Why is in-mass manufacturing of photochromic lenses an advantage? How does it improve upon other photochromic technologies such as embedding or imbibing manufacturing process? The embedding process uses a thin filter layer containing the dye molecules that is inside the top surface of the lens while imbibing incorporates the dye molecules into the lens' front surface. Both processes result in thin layers of photochromic dyes near or on the surface of the lens. With in-mass photochromic technology, the photochromic dye molecules are part of the lens and are distributed throughout the entire lens. So the lightchanging chemistry isn't just added to the surface or a thin film; it's part of the whole lens. This makes these lenses supportive of all premium coatings and makes them perfect for premium lens design surfacing technologies that require dual side processing (dual aspheric, dual side progressives, complex surfaces, etc.), extreme high curve lens requirements, lined multifocals and lenses for rimless frames.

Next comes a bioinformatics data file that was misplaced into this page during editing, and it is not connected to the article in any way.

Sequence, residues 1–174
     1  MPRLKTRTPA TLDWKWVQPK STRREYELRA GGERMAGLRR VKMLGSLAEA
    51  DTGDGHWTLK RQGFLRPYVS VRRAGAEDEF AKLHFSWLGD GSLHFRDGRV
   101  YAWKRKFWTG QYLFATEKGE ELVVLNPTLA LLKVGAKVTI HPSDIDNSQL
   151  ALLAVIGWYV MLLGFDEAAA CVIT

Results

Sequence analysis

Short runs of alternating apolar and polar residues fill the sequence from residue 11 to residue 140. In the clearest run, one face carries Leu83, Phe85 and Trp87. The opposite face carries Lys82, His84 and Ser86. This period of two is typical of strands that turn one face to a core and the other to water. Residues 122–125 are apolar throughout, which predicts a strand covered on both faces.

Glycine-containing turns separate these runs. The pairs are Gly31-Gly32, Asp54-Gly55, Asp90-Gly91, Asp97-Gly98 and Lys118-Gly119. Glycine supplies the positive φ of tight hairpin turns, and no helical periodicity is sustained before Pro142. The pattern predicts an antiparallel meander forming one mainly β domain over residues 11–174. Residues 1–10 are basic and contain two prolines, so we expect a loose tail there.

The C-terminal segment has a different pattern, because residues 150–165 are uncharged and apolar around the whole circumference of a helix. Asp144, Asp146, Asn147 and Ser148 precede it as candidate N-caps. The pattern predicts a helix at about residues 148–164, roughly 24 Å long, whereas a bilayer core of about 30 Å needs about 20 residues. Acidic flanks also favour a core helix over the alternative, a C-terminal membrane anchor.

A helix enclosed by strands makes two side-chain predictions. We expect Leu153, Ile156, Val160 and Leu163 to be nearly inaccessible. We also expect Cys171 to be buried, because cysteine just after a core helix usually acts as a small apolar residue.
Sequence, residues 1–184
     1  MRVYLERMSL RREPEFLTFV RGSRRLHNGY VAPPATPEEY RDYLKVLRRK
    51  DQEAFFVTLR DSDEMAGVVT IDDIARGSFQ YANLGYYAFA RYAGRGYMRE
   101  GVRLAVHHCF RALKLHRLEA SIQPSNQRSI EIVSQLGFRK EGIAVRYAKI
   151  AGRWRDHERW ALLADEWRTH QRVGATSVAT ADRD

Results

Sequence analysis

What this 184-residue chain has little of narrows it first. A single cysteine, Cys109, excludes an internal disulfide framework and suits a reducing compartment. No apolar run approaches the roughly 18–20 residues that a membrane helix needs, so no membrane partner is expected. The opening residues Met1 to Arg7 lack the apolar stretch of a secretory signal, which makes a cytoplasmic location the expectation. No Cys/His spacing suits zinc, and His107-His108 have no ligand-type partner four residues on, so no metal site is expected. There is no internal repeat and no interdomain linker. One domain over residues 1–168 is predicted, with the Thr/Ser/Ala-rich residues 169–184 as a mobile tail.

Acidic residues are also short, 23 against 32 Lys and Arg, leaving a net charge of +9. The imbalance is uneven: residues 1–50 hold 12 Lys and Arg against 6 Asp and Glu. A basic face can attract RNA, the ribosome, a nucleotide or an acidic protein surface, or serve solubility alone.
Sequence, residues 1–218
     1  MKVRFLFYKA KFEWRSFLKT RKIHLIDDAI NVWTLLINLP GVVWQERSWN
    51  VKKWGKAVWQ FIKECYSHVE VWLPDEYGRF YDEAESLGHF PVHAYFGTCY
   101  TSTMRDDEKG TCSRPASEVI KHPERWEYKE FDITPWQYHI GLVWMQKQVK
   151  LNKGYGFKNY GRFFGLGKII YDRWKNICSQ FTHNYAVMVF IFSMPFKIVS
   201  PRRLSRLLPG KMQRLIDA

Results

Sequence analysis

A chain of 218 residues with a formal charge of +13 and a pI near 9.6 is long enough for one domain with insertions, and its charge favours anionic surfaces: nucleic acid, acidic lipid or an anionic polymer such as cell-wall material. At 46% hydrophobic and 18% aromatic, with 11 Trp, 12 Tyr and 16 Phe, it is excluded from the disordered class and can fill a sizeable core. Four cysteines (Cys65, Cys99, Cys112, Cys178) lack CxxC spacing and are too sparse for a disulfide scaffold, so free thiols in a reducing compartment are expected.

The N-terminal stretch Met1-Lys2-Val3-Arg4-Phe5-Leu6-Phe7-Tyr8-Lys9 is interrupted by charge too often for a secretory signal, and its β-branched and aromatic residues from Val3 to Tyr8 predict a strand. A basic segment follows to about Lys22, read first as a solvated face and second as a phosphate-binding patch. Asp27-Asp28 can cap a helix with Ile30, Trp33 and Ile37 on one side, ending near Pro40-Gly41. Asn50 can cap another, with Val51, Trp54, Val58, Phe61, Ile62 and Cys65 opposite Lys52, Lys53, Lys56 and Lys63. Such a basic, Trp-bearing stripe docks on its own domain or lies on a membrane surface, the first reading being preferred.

Mitsui Chemicals supplies the vast majority of high-index monomers used for ophthalmic lenses worldwide. Called MR (Mitsui Resin), you've seen them advertised in lab price lists as MR-8, MR-8 Plus (1.60 high-index) and MR-10 (1.67 highindex). New SunSensors are now tuned to these monomers. With the new SunSensors material availability, your lab can produce lightweight, premium strength, high refractive index for high prescriptions with the advanced photochromic performance customers want. When high-index lenses are not required, SunSensors 50HPM, a low-index version (1.51) is available.

Commercial availability of photochromic lenses had its origins in 1964 when Corning released glass lenses with variable tint technology, i.e., lenses changed color density when exposed to ultraviolet light.